October 4, 2002
First Human Case of West Nile
Confirmed in Mecklenburg County
Charlotte, NC – The Mecklenburg County Health Department is currently investigating the first human case of West Nile in the County. Communicable Disease Control nurses are collecting patient history—including travel history, from an individual at a local hospital who has tested positive for West Nile. The patient is reportedly being sent home from the hospital tomorrow.
This patient was admitted to the hospital with a fever and a viral syndrome just over a week ago. This same patient had also received a blood transfusion during a recent surgery unrelated to West Nile, raising the possibility of transfusion associated West Nile infection. According to Health Department Medical Director Dr. Stephen Keener, a blood supply investigation is also being conducted.
The CDC, the Food and Drug Administration, the Health Resources and Services Administration, in collaboration with blood collection agencies and state and local health departments, continue to investigate WNV infections in recipients of blood products and organ transplantation. CDC has received reports from 10 states of 15 patients with confirmed West Nile infection diagnosed after receiving blood products within 1 month of illness onset. It is likely that not all of the 15 patients were infected via blood products; all lived in areas with active West Nile virus activity and thus may have been infected via mosquito bites.
So far this year there have been 2,631 human cases of West Nile and 136 deaths in 33 states and the District of Columbia. The first human case of West Nile in North Carolina was confirmed by state laboratory tests on September 18. That patient was an 80-year old man from Vance Count, North Carolina.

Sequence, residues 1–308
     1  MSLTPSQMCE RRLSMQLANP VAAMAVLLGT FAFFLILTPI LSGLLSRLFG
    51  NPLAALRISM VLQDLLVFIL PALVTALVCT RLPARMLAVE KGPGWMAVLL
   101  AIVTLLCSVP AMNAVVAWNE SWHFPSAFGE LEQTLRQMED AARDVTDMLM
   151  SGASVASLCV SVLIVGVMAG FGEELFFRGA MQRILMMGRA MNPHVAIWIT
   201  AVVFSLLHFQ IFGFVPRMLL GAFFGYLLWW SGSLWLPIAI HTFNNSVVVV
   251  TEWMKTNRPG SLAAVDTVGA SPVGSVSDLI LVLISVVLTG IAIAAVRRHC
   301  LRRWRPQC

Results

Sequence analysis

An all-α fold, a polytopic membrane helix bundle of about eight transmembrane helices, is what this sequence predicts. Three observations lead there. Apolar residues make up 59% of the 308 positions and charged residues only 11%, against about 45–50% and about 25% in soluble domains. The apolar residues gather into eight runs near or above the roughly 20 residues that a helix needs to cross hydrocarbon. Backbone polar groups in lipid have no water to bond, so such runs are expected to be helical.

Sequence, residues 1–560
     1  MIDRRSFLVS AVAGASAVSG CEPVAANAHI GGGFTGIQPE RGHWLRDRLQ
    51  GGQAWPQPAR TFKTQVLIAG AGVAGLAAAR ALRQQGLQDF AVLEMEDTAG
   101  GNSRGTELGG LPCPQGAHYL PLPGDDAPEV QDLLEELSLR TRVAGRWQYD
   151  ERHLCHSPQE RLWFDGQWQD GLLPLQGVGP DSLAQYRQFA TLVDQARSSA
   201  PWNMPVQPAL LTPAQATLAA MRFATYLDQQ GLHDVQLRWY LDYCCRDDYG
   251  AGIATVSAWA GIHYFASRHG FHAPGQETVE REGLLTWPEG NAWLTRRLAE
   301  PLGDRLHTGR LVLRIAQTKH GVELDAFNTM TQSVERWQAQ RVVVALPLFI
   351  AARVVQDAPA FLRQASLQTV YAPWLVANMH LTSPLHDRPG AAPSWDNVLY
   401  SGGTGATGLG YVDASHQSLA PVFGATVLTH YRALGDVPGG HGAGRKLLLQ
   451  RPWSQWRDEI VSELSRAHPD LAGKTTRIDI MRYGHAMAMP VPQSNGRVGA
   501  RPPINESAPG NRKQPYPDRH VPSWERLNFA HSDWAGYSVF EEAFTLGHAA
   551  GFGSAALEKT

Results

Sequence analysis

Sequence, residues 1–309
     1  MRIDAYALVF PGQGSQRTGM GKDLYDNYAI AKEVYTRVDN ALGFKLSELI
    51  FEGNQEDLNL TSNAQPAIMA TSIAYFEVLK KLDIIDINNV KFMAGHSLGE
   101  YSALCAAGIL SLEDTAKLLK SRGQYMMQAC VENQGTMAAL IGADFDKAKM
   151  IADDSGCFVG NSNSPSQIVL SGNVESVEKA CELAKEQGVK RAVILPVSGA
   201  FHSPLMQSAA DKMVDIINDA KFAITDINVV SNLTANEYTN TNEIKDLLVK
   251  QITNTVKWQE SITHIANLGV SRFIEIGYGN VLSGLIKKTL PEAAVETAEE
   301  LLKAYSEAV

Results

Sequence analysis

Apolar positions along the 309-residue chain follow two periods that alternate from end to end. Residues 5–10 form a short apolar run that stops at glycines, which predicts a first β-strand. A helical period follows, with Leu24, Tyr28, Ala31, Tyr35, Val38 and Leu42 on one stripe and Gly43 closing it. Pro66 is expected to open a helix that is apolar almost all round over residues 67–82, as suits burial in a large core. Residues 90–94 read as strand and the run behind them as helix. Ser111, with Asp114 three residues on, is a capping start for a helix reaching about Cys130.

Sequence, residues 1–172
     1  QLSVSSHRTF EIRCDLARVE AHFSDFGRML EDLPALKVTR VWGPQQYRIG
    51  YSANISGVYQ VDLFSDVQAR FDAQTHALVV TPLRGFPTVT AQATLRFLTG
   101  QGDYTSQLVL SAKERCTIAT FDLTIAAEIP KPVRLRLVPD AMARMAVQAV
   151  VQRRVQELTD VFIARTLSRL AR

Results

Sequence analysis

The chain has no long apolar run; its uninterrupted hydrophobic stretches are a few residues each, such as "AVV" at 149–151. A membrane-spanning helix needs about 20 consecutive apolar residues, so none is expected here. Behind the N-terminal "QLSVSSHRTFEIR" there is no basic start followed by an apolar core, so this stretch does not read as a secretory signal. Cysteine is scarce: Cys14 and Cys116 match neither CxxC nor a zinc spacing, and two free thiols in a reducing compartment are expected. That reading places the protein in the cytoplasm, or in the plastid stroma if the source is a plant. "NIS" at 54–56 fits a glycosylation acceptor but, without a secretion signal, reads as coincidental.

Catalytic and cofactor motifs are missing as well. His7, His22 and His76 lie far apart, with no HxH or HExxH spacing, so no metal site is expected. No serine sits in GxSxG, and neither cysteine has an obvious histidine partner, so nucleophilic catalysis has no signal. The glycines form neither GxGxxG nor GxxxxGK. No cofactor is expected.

People older than 50 years of age have the highest risk of severe disease. Most West Nile encephalitis infections are mild. Symptoms include fever, headache, and body aches, occasionally with skin rash and swollen lymph glands. More severe infection might be marked by headache, high fever, neck stiffness, stupor, disorientation, coma, tremors, convulsions, muscle weakness, paralysis, and, on rare occasions, death. The incubation period in humans is usually three to 15 days. Supportive therapy often involves hospitalization, intravenous fluids, airway management, and prevention of secondary infections. Anyone who has been bitten by a mosquito and is exhibiting the symptoms listed above should contact his or her health care provider.
Those in these highest risk groups should take particular caution to limit their exposure to mosquito bites. Long sleeves and long pants should be worn outdoors, as should mosquito repellants containing DEET. Activity during the early morning and at dusk should be limited, as this is when mosquitoes are most active, too. Property owners should keep outdoor water containers like buckets, old tires or animal drinking bowls emptied or full of fresh water in order to keep mosquitoes from breeding in them.
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Media Contact: D.C. Lucchesi 704-432-0344 or